For this charcuterie challenge, I bought the largest hunk of beef I’ve ever purchased in my entire life. I walked into my local favorite butcher’s (Laurenzo’s Italian Market in North Miami Beach) for a 5.5 lb. beef brisket, and walked out the proud owner of 16.68 lbs. of solid beefy delight.
Why, you might ask? My butchers are great guys. I’ve been frequenting Laurenzos for about 3 years now, and I will never go back to buying regular grocery store meat. These guys consistently have better quality than the large regional chain in this area, and they love what they do; they are passionate about the meat they sell and happy to teach you what to do with it. And that, my friends, is something I can get behind fully. We talk about how I’ll be preparing the meat I’m buying, discuss the pros and cons of any particular cut I may be eyeing, and my butcher knows what kinds of cuts I prefer; he always picks out the leanest cut closest to a pound without even having to be asked. They can also special order just about any critter under the sun if I need it; usually in a week. 5 lb. standing rib roast in the height of the Christmas season? No problem! Give them a week and you’ll have the most beautiful standing rib roast on the block.
So, when the butcher suggested walking out with (gulp!) over 3x the meat I requested, I listened. When buying the whole kit & caboodle, the price was $2-something a pound. If I wanted just the first cut (the brisket part), it would be over the 5 lb. I wanted and over $5 a pound. They suggested just getting the big piece and freezing what I don’t need for later. Buying the big piece not only saved me money up front, I now have enough brisket to corn, and 2 more briskets to BBQ.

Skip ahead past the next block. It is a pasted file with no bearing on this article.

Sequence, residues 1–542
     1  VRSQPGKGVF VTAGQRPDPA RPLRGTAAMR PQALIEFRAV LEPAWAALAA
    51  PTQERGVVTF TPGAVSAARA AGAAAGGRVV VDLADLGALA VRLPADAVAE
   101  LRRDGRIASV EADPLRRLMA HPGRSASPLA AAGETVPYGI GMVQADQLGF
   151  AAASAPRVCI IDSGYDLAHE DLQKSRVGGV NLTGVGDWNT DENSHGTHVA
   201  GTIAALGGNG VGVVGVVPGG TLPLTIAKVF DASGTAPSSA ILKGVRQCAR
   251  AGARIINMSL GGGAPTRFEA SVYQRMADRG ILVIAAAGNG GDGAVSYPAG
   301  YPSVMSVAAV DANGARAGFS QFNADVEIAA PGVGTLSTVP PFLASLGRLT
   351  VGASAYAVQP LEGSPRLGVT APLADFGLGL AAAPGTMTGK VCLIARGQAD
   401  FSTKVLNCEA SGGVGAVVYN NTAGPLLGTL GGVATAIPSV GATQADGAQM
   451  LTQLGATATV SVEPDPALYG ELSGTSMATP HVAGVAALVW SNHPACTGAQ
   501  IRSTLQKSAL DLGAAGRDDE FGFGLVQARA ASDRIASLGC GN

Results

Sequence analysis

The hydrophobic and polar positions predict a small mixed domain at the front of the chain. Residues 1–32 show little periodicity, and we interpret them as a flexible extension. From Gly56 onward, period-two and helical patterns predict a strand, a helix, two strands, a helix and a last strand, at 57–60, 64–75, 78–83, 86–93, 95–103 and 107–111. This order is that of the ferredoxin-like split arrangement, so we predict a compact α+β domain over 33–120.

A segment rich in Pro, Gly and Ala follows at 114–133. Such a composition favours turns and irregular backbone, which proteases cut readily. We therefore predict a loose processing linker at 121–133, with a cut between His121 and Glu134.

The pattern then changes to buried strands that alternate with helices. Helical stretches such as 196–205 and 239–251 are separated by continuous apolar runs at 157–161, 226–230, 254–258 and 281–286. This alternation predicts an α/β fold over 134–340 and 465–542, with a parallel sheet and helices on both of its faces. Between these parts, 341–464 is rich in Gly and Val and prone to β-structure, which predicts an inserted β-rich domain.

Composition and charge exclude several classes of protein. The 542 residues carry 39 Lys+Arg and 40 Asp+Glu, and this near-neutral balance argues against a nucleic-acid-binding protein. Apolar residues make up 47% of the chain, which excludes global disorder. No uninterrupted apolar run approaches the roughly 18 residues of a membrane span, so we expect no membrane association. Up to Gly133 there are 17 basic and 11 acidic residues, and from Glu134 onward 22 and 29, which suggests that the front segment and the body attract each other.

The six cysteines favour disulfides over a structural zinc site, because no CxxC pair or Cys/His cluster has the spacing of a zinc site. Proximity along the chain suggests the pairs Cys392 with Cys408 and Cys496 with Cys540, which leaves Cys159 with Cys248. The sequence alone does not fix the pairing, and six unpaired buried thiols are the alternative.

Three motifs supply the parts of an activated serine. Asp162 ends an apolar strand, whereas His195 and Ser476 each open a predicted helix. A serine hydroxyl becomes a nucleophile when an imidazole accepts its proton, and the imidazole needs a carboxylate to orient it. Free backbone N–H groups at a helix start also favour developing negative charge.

Followers of this blog will notice that this is not the place I bought the pork belly for fresh bacon from. Why? I’m impatient and thought pork belly was lying about on trees. I know better now.
On to the corning.
The first thing I did was take my lovely hunk o’ beef and broke it down into smaller packages. 1 big roughly 5-6 lb. slab to corn and 2 smaller roughly even portions to BBQ later.
Note: This hunk of beef was so frickin big, it took not 1 but 2 cutting boards to hold it Now that’s beefy love.
The brine I used to cure the beef consisted of store-bought pickling spice (I couldn’t for the life of me find the mace called for in Ruhlman’s home made recipe), my new friend pink salt, my old friend kosher salt, sugar & garlic.
Submerge beef & wait (patiently if possible) 5 days and viola! A hunk of vaguely creepy-looking drowned beef.
The full recipe for this method of corning can be found on page 67 of Michael Ruhlman’s Charcuterie: The Craft of Salting, Smoking and Curing.
I served the inaugural taste of this heavenly beef with a side of simple roasted purple potatoes and onions and it was devine. Screw cryo-vac corned beef. Next up: corned beef hash and sandwiches.